60. Vision, Voice, Hearing, and Coordination: What’s More Important?
Without including music reading in the very first lessons, it isn’t possible to teach music; there simply isn’t any other way.
My beginners start to play with both hands and sight read during the very first lesson. And during this lesson, they have no idea what the difference between the treble and bass clefs are, they’re not asked to distinguish the two and three black keys, nor find the middle Do.
They don’t know the notes on the staves, have no idea what time, measure, and length are, and what types of pauses there are. All that they learn is the first cycle of the music alphabet: Do Re Mi Fa Sol La Ti Do Ti La Sol Fa Mi Re Do. Anything else is simply unnecessary to them!
Loading all sorts of information onto their students, educators forget the main quality of their own childhood: we learn when we do it ourselves.
To walk, to talk, to hold a spoon, to tie our shoes, to count and to ride a bike – we learned to do all of this through the process of action! No one forced us behind a desk and told us that they’d tell us what laces are and how to tie them. No one told us about the build of a shoe and its resistance to stress, and no one showed us diagrams of knots. And notice, our abilities haven’t suffered at all as a result. Moreover, it was because of this that we learned to do those things in the first place!
But it’s one thing to tie your laces. It’s a completely different thing to read notes with the help of the piano and your voice. Here, all sensory organs are working together simultaneously. But does this mean that we should measure them and develop them all simultaneously? Of course not!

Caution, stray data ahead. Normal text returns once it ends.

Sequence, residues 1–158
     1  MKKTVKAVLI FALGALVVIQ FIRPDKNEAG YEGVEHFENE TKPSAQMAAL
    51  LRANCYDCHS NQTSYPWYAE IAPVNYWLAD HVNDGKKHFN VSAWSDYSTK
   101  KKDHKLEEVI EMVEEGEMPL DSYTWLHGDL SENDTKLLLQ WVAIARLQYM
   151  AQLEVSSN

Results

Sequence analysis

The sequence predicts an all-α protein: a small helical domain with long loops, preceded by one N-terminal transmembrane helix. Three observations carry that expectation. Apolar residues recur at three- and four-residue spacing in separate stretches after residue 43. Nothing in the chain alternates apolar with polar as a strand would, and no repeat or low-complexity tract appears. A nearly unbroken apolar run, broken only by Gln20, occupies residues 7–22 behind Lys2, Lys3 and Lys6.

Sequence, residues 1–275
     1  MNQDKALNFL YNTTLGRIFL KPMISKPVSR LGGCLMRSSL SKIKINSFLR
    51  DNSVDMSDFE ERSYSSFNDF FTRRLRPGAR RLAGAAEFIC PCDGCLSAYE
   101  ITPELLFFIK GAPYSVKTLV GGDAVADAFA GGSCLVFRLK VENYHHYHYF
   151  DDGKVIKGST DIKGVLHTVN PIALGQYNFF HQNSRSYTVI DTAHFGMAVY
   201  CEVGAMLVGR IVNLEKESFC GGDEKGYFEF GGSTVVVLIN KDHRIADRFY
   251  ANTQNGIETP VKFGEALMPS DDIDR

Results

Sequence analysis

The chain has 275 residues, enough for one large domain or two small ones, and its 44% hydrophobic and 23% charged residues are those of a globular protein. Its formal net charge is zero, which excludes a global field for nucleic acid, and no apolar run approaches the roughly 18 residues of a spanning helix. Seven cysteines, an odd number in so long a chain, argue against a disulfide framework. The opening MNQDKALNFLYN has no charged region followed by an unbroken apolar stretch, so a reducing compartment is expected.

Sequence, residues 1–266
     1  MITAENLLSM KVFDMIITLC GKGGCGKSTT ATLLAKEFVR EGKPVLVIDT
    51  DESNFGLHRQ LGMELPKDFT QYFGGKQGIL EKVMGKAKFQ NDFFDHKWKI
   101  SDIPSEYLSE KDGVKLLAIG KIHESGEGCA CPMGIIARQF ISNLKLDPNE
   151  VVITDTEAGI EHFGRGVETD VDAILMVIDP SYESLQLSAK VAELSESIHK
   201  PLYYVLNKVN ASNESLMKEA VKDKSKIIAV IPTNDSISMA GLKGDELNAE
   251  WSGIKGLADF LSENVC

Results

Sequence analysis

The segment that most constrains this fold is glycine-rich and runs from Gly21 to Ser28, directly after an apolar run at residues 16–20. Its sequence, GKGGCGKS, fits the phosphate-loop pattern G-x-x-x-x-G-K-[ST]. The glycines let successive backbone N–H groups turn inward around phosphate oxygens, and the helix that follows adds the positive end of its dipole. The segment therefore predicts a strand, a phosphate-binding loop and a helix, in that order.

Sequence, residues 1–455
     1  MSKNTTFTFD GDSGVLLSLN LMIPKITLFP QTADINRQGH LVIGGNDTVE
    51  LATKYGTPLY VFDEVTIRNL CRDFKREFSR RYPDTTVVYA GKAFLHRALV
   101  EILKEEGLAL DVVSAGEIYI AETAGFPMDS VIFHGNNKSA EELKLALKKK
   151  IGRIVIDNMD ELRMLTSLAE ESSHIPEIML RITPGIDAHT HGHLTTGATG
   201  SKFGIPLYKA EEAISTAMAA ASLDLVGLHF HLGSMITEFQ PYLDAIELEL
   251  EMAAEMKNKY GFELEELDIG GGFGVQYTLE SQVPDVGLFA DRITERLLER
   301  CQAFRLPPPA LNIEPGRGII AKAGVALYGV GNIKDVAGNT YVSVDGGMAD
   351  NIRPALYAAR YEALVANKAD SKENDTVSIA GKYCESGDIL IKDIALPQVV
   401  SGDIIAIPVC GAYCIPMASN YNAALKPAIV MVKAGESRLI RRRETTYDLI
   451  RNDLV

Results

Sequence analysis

It is extremely important to understand once and for all that in this tying in, the most important evidence appears, often seen in everyday life.
If a child can’t stand on his own feet and can’t crawl, what’s the sense of telling him where he needs to go, with which step, and at what speed? The most important ability in education is coordination. I’ve seen blind musicians. History even knows deaf composers. I often have to see people play without ever learning their notes. But there isn’t a single professional pianist out there that can’t control the coordination of his hands and fingers.
While learning notes, it is most logical to depend on one’s coordination. The music text should be made to be easily legible. The vision should be a guide to the muscles, and not a personal burden that only adds difficulties.
The most important result and goal of piano lessons should be speedy reading. The understanding, conscious and whole, of the entire piece depends on it. Seeing the entire composition helps the perception to seize the sense of the words and sentences.
The rate at which we read determines exactly what we are reading. If it is by syllables, we can only take on a kids’ book in which the pictures are larger than the words. And if we can read quickly, then we can take on big, serious novels. The rate of reading is directly tied to the level on which we think. It shouldn’t lag behind the rate at which we understand things. In this regard, the reading of music isn’t at all different from the reading of books. The only difference is that while reading a music text at a decent speed, the beginner also develops his hearing and voice.
A method in which all senses work together, but the attention is directed towards the coordination of the fingers and hands is the most effective. While a child hasn’t worked out his coordination adequately, all of his attention will be lost on the fingers and keys, and an expectation of normal sight reading would simply be nonsensical. Luckily, kids quickly develop coordinational skills, and once their movement is right, more attention can be devoted to the music text.